a media industry resource


This page looks at public sector broadcasting in Canada.

The organisation

The Canadian Broadcasting Corporation, like the Australian Broadcasting Corporation (ABC), dates back to the first third of last century when public broadcasting in the British Empire was modelled on the new British Broadcasting Commission (BBC). The CBC was founded in 1936, as the Canadian Broadcasting Commission, for the purpose of "fostering national spirit and interpreting national citizenship".


Marc Raboy's Missed Opportunities: The Story of Canada's Broadcasting Policy (Toronto: McGill-Queens Uni Press 1990) presents a picture of uncertain mission, bureaucratic capture, political interference and ongoing crisis at Canada's national broadcaster. Sounds familiar? There is a more detailed treatment in When Television Was Young: PrimeTime Canada 1952-67 (Toronto: Uni of Toronto Press 1990) by Paul Rutherford, complemented by Ross Eaman's Channels of Influence: CBC Audience Research and the Canadian Public (Toronto: Uni of Toronto Press 1994).

For the early days see Frank Peers' lucid The Politics of Canadian Broadcasting 1920-1951 (Toronto: Uni of Toronto Press 1969), A History of the Canadian Radio League 1930-1936 (Ann Arbor: UMI 1964) by John O'Brien and The Struggle for National Broadcasting in Canada (Toronto: McClelland & Stewart 1965) by E. Austin Weir.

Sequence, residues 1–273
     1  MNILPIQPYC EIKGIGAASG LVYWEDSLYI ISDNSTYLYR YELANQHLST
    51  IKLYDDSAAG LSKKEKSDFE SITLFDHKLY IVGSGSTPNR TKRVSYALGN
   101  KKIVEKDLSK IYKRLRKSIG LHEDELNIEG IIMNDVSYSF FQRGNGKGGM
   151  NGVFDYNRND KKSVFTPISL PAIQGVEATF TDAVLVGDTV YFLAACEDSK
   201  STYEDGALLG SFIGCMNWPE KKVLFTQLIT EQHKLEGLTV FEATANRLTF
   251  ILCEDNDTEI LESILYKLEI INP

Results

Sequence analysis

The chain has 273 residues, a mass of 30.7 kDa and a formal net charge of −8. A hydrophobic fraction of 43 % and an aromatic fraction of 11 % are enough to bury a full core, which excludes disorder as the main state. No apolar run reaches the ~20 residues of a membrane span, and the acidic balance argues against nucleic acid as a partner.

Knowlton Nash's The Microphone Wars: A History of Triumph & Betrayal at the CBC (Toronto: McClelland & Stewart 1995) and Wayne Skene's Fade to Black: A Requiem for the CBC (Vancouver: Douglas & McIntyre 1993) are conventional laments about public broadcasting in crisis, useful as points of reference for criticisms of the Australian ABC and SBS networks.

Other state networks

There are separate profiles on

  • ABC and SBS - Australia
  • BBC - United Kingdom
  • TVNZ & RNZ - New Zealand
  • MCS - Singapore
  • PBS - USA